Limited Regulatory Oversight

The regulatory oversight over blockchain-based transactions is severely limited. Courts arguably cannot have jurisdiction over blockchain-based smart contracts because it is unlikely a court could find out who transacted via the anonymized blockchain. Furthermore, the court could not change or otherwise affect the transaction as it was coded because once the coded parameters were fulfilled the transaction auto-executed on the blockchain. Because of automated execution, contractual breach and damages are less likely to occur in smart contracts, especially as compared to traditional contracts.  If a given smart contract transaction disadvantages one of the contracting parties, courts would have to change the blockchain in order to institute remedies in the traditional sense that could pertain to the smart contract in question. However, that scenario is computationally and practically impossible.

Assuming the parties to a given smart contract were known, courts could require the parties to create a new transaction to reverse undesirable outcomes of the coded and executed transaction that was disputed. This is a possible solution because courts are unable to affect the initial outcome of a disputed smart contract transaction. Courts cannot require a retroactive change in the blockchain because that is computationally near impossible. Given that the requirements for a court to exercise jurisdiction over a disputed smart contract are fundamentally different from courts’ jurisdiction over contracts in the existing legal infrastructure, contracting parties would likely second-guess courts’ decisions pertaining to smart contract disputes. In other words, real world court decisions even if attainable may not have the same legitimacy and authority as other intra-blockchain dispute resolution mechanism may have.  In summary, courts would only be able to force the parties to execute a secondary transaction or otherwise pay remedies for a smart contract that created damages for one of the parties. Courts would not be able to actually change or interpret the terms of the given smart contract that was executed according to its parameters and added to the blockchain where it is immutable.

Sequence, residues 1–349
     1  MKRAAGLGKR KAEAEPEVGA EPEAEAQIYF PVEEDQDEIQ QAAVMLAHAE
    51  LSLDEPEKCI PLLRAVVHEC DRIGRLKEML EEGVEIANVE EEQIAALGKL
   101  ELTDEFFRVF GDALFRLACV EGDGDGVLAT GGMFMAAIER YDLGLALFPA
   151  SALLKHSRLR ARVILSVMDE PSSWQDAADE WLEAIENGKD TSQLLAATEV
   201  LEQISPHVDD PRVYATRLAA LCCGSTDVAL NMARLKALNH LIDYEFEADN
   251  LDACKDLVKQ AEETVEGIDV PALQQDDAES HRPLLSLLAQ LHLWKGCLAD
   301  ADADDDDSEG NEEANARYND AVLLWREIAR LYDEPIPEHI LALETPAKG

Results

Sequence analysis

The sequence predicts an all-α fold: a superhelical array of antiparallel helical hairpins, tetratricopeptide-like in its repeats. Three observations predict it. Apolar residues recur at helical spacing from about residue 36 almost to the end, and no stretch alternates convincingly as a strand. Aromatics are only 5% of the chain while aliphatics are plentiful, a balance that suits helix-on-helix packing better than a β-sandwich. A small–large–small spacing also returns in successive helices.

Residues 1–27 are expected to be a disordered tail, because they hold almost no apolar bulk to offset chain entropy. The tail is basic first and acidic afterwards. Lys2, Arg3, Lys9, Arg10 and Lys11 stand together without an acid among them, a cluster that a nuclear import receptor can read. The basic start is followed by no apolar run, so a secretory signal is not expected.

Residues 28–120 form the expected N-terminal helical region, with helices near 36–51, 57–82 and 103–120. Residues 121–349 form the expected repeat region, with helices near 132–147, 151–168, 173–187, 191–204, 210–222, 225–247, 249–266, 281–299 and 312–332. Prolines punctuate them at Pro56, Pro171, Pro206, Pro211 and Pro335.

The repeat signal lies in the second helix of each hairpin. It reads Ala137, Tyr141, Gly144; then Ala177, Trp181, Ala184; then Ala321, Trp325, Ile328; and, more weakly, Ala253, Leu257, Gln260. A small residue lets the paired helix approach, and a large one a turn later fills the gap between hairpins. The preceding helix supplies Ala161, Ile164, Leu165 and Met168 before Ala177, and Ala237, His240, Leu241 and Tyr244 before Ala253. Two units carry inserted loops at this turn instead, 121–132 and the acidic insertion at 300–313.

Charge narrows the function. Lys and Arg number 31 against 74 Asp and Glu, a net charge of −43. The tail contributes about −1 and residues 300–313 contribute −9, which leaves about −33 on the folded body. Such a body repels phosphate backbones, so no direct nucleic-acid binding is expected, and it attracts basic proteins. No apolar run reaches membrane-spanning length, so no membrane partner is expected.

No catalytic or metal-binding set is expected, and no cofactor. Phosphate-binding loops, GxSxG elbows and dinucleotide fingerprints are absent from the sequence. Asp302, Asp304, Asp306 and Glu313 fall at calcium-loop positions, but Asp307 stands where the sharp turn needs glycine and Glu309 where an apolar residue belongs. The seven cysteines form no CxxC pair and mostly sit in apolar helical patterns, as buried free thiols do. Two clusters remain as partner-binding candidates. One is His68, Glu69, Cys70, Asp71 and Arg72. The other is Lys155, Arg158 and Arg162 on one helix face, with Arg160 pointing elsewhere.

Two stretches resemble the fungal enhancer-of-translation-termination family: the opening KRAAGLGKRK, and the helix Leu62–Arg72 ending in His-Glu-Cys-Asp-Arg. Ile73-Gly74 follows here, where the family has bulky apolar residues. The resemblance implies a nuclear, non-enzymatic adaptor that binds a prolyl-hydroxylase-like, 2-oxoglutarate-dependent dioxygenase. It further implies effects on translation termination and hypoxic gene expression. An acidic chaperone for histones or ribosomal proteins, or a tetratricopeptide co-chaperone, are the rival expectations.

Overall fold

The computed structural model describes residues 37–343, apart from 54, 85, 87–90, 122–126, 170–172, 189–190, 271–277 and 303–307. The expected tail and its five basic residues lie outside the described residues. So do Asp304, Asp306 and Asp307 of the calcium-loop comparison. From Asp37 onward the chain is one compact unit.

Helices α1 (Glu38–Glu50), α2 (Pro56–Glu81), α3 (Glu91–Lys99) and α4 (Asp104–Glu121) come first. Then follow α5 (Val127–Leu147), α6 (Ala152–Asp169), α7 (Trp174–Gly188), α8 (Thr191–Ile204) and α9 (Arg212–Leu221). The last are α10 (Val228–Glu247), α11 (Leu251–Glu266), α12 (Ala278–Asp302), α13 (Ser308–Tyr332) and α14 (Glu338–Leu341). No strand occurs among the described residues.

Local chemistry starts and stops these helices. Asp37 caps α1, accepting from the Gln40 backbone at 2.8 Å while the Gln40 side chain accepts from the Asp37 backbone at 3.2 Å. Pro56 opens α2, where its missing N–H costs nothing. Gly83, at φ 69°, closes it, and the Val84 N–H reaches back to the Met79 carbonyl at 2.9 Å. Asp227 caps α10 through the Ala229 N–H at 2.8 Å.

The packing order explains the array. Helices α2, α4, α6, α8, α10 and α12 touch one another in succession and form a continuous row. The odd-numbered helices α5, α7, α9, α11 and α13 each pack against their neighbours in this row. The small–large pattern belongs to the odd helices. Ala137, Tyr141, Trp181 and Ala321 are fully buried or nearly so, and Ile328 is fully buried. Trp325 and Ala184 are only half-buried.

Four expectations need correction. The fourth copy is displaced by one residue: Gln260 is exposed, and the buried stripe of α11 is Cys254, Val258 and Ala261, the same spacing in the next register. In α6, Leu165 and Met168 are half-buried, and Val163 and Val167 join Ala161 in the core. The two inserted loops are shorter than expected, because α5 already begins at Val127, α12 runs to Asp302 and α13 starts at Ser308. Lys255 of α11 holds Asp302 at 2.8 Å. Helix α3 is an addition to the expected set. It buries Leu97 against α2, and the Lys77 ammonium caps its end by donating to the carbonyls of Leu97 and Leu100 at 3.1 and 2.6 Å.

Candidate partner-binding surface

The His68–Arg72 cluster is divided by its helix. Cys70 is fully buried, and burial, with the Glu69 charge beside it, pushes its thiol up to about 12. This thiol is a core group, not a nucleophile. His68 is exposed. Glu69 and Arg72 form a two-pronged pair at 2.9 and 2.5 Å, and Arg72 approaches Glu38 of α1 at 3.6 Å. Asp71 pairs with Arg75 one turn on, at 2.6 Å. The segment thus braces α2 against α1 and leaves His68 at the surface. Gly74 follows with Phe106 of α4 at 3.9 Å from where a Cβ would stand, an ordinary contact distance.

Because of these inherent limitations, courts will generally not be able to effectuate resolutions to disputes arising from blockchain-based smart contracts. Courts do not have the power over the coder and the code that was used by the parties that may have been injured. Courts do not have the authority to dictate to a programmer how, when, and where to change the existing code used by consumers.  Even if courts were given such authority, no programmer so coerced by the court would be able to override the will of the majority of anonymous international blockchain users to make an effective change. Therefore, blockchain-based resolution mechanisms are the only possible recourse for smart contract disputes.

Our proposal for courts to leave dispute resolution to blockchain-based mechanisms is not a mere theoretical postulate. Rather, this need was already introduced in the second and third prongs in Aragon’s whitepaper about blockchain-based solutions for consumers facing code execution problems in smart contracts.

Anonymity of Blockchain Transactions

The lack of identifiable parties in crypto transactions creates a distinct separation between real world and crypto transactions that has lasting implications for the application of existing jurisdictional principles. The aforementioned anonymity gained by the use of public-key encrypted identities and VPNs prevents the identification of the parties to a smart contract.  Without identifiable parties, jurisdictional principles such as subject matter jurisdiction, personal jurisdiction, diversity jurisdiction, and federal question jurisdiction become irrelevant. To illustrate this point, proving personal jurisdiction by means of 1. Physical Presence, 2. Domicile/Place of Business, 3. Consent, and 4. Minimum Contacts becomes impossible as none of these elements are known of the parties in a smart contract. Physical presence is anonymous, as is domicile, consent, and minimum contacts. Subject-matter jurisdiction, e.g. a given court can exercise power over a claim that the laws of the jurisdiction authorize such court to hear, is inapplicable because no given law would be able to authorize such power. But even if a given State or even the Federal Government were to pass a law that would grant such authority to a court, it is hard to see how the court would in fact exercise such authority, short of limiting access to the internet itself.

Not all smart contracts are fully anonymous and untouchable by traditional jurisdictional means. Some smart contracts will not automatically anonymize the parties because there is a physical element to such a consumer contract. For example, a powerful traditional corporation may wish to execute a complicated, non-hostile takeover of another company, using their reputation as leverage. The transparent, public, and perfectly logical structure of a smart contract could theoretically improve communication in such a negotiation. However, many other smart service contracts can be completely anonymous. For instance, a service contract involving services pertaining to cyberspace, such as programming services to create a given webpage, will be completely anonymous. It is important to note that as the technology becomes more widely accepted, such service contracts are going to become a highly important part of any given economy.